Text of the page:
A community vigil for a man slain by police in the north London neighborhood of Tottenham turned bloody last night as rioting broke out and dozens were arrested.
Rioters took advantage of a vigil for a man killed by police and turned violent Saturday night, tossing petrol bombs and "missiles" at officers and looting stores, London's Metropolitan Police said Sunday.
"The behavior by a criminal minority put police officers, fire brigade personnel and the public at significant risk," Cmdr. Adrian Hanstock said in a statement.
At least 42 people were arrested and 26 officers were injured, police said.
The violence came amid protests over the killing of Mark Duggan, who was riding in a cab when he was killed Thursday. Police stopped the cab in an attempted arrest, and soon shots were fired, the Independent Police Complaints Commission said.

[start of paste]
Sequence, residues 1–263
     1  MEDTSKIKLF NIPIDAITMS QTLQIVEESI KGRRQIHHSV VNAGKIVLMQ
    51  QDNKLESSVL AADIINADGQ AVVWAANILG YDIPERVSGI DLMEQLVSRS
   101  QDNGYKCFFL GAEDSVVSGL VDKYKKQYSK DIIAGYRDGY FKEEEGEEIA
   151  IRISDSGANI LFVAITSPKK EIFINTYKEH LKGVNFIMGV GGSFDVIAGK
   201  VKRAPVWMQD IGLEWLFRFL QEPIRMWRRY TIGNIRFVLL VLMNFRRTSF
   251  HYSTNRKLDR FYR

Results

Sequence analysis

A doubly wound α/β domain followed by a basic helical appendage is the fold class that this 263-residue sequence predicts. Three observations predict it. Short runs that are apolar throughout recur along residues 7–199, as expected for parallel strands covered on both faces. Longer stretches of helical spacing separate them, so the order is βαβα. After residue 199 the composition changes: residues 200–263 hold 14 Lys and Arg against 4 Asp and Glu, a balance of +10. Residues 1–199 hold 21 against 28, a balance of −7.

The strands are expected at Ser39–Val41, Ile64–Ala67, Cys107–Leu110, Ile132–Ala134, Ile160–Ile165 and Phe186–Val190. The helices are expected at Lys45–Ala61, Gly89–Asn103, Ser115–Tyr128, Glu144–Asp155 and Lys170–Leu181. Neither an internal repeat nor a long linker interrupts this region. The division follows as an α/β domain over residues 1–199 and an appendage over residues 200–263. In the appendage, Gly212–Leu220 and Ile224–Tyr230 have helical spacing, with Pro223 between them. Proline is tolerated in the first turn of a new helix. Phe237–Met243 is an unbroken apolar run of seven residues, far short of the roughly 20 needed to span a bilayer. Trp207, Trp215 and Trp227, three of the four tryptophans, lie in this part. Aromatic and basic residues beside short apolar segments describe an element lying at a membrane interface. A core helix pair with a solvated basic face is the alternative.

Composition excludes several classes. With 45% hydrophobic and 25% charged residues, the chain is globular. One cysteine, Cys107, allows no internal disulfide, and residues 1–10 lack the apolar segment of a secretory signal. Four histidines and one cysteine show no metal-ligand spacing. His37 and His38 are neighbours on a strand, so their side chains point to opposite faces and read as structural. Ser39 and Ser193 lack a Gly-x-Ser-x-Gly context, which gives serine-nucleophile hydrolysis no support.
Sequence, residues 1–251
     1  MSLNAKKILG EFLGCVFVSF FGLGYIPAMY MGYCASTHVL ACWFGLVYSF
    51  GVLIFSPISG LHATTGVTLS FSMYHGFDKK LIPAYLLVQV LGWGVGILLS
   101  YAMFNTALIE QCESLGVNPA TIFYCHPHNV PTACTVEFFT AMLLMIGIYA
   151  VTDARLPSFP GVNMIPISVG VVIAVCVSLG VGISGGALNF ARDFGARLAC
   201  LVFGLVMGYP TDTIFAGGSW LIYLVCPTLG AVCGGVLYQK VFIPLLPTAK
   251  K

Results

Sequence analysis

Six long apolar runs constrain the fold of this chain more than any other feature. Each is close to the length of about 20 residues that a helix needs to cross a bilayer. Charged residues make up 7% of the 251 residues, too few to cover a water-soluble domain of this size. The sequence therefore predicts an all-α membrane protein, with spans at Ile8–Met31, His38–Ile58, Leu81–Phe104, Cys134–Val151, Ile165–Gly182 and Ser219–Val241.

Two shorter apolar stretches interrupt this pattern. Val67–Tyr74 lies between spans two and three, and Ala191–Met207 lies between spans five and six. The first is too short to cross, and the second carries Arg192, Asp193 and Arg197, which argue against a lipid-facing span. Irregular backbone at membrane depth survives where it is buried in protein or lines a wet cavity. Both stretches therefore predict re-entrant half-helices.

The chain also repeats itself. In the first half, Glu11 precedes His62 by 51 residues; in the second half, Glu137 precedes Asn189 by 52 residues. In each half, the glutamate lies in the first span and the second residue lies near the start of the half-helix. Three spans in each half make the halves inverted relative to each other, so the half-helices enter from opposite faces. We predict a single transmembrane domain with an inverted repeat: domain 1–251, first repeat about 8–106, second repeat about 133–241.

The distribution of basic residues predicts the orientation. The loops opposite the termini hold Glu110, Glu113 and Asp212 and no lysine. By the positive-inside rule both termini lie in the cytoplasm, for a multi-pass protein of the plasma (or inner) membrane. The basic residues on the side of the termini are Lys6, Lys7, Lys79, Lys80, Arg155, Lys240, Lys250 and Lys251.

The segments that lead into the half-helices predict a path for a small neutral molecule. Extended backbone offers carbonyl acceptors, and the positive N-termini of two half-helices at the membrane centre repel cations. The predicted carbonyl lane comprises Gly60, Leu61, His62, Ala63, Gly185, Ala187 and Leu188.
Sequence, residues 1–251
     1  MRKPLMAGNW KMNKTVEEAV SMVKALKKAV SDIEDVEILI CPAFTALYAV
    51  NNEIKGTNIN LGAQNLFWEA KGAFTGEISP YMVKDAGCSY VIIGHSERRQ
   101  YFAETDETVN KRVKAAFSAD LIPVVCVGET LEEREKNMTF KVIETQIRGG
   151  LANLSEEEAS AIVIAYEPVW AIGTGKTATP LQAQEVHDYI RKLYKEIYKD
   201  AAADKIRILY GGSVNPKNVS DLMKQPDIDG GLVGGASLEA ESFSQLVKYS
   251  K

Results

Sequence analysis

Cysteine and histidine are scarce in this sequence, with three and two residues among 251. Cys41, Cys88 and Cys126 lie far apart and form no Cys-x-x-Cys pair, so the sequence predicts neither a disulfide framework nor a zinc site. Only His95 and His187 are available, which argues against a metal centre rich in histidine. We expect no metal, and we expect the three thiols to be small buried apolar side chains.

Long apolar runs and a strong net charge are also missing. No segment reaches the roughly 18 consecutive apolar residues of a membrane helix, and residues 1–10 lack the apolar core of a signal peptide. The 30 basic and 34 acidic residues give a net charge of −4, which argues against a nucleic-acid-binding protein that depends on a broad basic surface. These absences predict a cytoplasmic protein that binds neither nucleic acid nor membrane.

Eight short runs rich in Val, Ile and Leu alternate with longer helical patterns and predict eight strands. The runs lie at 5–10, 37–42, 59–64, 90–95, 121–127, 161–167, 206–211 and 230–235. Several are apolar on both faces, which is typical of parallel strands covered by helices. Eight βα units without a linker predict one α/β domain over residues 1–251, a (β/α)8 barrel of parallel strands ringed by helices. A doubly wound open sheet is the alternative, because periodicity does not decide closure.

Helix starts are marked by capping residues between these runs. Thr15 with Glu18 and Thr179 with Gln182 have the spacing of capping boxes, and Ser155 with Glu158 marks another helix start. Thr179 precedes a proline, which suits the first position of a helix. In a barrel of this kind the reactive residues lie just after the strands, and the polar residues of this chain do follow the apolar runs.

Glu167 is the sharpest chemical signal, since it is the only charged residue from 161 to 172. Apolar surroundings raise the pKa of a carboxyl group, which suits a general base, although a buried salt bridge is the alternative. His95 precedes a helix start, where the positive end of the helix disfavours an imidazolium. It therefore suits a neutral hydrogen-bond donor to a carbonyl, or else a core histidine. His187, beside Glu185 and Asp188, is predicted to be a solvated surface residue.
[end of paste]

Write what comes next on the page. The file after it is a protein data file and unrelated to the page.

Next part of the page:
The commission did not say who shot the 29-year-old, nor why the cab was stopped.
"The death of Mr. Duggan is extremely regrettable," Hanstock said. "It is absolutely tragic that someone has died, but that does not give a criminal minority the right to destroy businesses" and "steal from their local community."
The Duggan shooting has set off what has already been a rough stretch for London in recent months. Tottenham is part of London's black communities and relations between the people and police haven't been good. Duggan's shooting on Thursday came as a shock to many in the neighborhood as he was pulled over for what London Metro police were calling a "pre-planned" arrest as part of Operation Trident, the city's anti-gun task force.
The main problem is that the police have yet to give a clear answer as to why Duggan was shot, only that shots were fired. All we know for sure is that the weekend vigil for Duggan's death turned violent last night.
There are a lot of unanswered questions here.